Applicable Law International humanitarian law prohibits the intentional targeting of civilians792 and indiscriminate attacks, in both international and non-international armed conflicts.793 Parties to a conflict have an obligation to distinguish at all times between the civilian population and fighters and others taking part in hostilities and to direct attacks only against military objectives.794 Referred to as the “principle of distinction”, the International Court of Justice in its Advisory Opinion of 8 July 1996 on the Legality of the Threat or Use of Nuclear Weapons, recognised this principle as “intransgressible” in customary international law.
Deliberate attacks on civilians and civilian objects are prohibited under intenational criminal law.795 Attacks on places where both civilian and combatants may be found are prohibited if they are not directed at a specific military objective, or if they use methods or means of combat which cannot be directed at a specific military objective.796 It is prohibited to launch an attack which may be expected to cause incidental loss of civilian life, injury to civilians, and/or damage to civilian objects which would be excessive in relation to the anticipated concrete and direct military advantage.797
Customary international humanitarian law establishes that all “parties to the conflict must take all feasible precautions to protect the civilian population and civilian objects under their control against the effects of attacks.”798 Each party to the conflict must, to the extent feasible, avoid locating military objectives within or near densely populated areas.799 Each party to the conflict must, to the extent feasible, remove civilian persons and objects under its control from the vicinity of military objectives.800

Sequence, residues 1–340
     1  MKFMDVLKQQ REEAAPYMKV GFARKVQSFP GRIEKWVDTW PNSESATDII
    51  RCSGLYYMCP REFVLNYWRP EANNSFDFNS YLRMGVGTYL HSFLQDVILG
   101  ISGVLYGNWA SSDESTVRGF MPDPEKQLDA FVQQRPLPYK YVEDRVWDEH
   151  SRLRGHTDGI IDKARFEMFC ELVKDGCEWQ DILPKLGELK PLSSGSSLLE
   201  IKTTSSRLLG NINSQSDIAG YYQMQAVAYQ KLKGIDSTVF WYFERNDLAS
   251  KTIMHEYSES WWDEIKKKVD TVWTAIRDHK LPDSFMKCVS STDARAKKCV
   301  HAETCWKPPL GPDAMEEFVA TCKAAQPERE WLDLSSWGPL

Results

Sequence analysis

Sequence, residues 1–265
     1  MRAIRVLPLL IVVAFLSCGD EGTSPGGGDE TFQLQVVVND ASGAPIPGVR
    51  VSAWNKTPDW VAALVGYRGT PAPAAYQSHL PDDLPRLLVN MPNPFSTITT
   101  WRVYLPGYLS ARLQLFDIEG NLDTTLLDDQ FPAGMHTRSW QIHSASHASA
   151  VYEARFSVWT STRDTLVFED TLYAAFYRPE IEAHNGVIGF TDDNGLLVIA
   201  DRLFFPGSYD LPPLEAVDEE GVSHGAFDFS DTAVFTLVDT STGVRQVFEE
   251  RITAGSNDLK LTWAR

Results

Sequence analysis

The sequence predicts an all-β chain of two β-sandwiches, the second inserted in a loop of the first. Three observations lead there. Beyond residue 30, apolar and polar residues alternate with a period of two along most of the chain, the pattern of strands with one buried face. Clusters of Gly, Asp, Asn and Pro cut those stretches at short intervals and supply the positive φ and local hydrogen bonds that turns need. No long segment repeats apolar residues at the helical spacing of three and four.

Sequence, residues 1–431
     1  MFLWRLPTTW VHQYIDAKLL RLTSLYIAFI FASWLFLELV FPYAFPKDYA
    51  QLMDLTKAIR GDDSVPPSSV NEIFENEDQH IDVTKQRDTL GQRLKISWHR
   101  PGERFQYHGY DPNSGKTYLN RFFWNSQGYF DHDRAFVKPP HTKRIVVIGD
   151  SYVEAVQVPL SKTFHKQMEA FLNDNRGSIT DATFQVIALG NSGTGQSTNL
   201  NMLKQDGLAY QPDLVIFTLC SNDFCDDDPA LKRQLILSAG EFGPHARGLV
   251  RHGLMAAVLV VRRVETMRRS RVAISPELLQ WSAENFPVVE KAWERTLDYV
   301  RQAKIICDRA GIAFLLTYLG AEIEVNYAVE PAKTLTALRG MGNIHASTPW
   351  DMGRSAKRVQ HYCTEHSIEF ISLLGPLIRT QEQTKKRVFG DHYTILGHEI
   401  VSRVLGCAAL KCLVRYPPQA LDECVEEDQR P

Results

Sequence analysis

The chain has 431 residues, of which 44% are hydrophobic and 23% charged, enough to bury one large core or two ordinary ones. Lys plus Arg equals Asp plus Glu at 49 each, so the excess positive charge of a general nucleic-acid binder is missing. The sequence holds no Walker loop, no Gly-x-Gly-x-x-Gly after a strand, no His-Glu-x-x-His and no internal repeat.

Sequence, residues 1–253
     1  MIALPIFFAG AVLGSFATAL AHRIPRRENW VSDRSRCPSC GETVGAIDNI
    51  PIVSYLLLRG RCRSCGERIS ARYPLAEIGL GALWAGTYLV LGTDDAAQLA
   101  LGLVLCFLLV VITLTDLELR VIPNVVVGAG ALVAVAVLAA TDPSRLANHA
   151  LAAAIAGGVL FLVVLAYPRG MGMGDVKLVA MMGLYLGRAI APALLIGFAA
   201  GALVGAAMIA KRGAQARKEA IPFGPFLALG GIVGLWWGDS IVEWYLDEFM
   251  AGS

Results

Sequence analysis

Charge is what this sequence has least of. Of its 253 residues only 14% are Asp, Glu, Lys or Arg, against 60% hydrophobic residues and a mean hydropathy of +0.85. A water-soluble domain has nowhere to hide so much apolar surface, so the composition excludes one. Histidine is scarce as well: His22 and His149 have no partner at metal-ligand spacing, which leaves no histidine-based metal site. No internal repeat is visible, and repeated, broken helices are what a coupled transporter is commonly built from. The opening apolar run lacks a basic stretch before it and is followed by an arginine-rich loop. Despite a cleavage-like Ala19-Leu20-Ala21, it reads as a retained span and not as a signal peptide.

Attacking, destroying, removing or otherwise rendering useless objects which are indispensable to the survival of the civilian population is prohibited.801 Sieges must still allow for vital foodstuffs and other essential supplies to be delivered to the civilian population.802
Medical personnel as well as hospitals, medical units and transport must be respected and protected in all circumstances.803Medical personnel, units and transport lose their protection if they are being used, outside their humanitarian function, to commit acts harmful to the enemy.804
International humanitarian law also incorporates specific protections for persons or objects. It is prohibited to commit an act of hostility directed against places of worship which constitute the cultural or spiritual heritage of peoples.805
The Rome Statute sets out a number of war crimes which correspond to breaches of international humanitarian law guarantees. These include the crime of intentionally attacking civilians,806 and intentionally attacking civilian buildings dedicated to religion, education, art, science or charitable purposes, historic monuments, hospitals and places where the sick and wounded are collected.807 Particular types of attacks against civilians (including medical personnel) may also amount to a crime against humanity if committed as part of a widespread or systematic attack against any civilian population, with knowledge of the attack (see chap. I, sect. E).